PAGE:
Obama’s Washington: No experience necessary
posted at 12:57 pm on August 24, 2010 by Ed Morrissey
Wonder how Recovery Summer turned into Wreckovery Bummer? How an administration ginned up its entire economic strategy into one stimulus bill and has done nothing since, even as the economy disintegrated? Marty Robins advises his readers to check the CVs of the people in charge in Washington to understand just how incompetence has triumphed — and not just Barack Obama’s:
If Washington seems out of ideas on how to get the private-sector jobs machine running again, there’s a pretty straightforward reason — the people in government have virtually no experience in business.
In a major departure from prior administrations, you’d be hard-pressed to find anyone in the current administration with any real business experience. Even offices such as treasury and commerce secretary, which have traditionally been occupied by successful business people, are occupied by a career central banker (with his own tax-compliance problems) and a lawyer/politician.
The situation is little different in Congress, where the “barons” — Pelosi, Frank, Dodd, Waxman, Reid, Rangel — are all career “public servants.”
This increasing disconnect between the government and the business world is a big, if unrecognized, problem, if for no other reason than that it deprives government officials of the knowledge and experience that successful business leaders can bring to solving difficult problems.
Of course, they’re led by the least experienced President in modern times, in the private sector sense (non-existent), executive experience (non-existent), and political senses (only three-plus years in national politics). Incompetence should have been expected under the circumstances, and certainly was by Obama’s critics.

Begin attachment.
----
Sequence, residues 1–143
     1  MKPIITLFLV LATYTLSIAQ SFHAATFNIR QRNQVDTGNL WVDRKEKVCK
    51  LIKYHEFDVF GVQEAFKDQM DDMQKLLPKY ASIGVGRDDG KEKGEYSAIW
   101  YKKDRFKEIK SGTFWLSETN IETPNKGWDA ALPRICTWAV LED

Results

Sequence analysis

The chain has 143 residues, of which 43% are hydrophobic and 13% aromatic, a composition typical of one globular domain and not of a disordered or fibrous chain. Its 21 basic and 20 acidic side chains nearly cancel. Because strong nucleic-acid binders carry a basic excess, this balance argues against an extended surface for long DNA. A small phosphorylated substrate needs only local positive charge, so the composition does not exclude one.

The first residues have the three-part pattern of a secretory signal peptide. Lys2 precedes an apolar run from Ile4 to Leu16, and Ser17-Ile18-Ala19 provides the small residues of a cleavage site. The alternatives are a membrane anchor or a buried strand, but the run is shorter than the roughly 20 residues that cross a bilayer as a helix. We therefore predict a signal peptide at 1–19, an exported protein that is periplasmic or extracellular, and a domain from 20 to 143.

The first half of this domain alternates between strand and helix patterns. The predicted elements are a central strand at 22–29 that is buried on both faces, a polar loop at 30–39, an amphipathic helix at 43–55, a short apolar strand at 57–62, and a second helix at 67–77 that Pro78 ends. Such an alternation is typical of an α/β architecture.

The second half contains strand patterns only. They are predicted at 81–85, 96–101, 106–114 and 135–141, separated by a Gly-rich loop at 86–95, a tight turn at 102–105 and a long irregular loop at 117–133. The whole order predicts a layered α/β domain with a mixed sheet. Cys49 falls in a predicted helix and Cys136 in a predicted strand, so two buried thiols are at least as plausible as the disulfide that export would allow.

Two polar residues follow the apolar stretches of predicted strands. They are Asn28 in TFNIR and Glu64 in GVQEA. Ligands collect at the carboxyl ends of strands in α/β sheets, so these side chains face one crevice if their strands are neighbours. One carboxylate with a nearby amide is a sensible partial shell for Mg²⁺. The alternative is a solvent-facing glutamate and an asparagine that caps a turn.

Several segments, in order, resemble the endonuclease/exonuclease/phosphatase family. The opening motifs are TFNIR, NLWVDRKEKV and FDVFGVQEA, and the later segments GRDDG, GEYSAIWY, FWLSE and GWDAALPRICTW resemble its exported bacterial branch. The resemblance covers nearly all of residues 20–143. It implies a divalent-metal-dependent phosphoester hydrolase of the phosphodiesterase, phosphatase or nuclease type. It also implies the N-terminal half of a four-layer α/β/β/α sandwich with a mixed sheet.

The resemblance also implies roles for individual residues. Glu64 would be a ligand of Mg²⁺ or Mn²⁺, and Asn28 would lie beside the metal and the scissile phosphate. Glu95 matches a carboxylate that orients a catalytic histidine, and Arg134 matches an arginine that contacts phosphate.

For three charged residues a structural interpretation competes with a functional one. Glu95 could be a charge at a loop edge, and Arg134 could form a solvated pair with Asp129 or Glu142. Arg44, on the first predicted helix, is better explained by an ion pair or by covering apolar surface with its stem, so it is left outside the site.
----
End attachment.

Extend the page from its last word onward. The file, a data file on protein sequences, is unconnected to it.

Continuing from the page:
The answer to those arguments during the election was that presidential experience mattered less than the people hired to do the actual work. Obama’s supporters pointed to Ronald Reagan as an example of this, but they forgot that Reagan spent two terms as California Governor (and a term running the Screen Actors Guild before that), learning how to hire qualified people for posts in his administration. By the time he got to the Oval Office, Reagan understood how to pick and then run a team, and how to get the best performance out of them once in harness.
The results have been as dismal as anyone could have predicted. Obama stuck with ideological allies heavy on academics and with no real-world experience, reflecting his own profile rather than complementing it as an experienced executive would have known to do. Obamanomics is the result. It’s a classic command-economy approach that works on every university campus where it’s discussed — and in no real-world setting where it’s ever been tried.
After February 2009 and the establishment of Porkulus, Obama and his team haven’t deflected from its trajectory an iota, mainly because no one on his team has the experience to know how to change course. None of them, as Robins points out, has ever had to run a business and reconsider strategies on the fly. None of them have been responsible for managing stockholder assets nor held accountable for the real-world implications of their actions. In short, this administration is a one-trick pony on economics, and now has no clue on how to formulate a Plan B.
The entire administration reflects incompetence. They need a massive change in leadership, or more accurately, we need a massive change in leadership.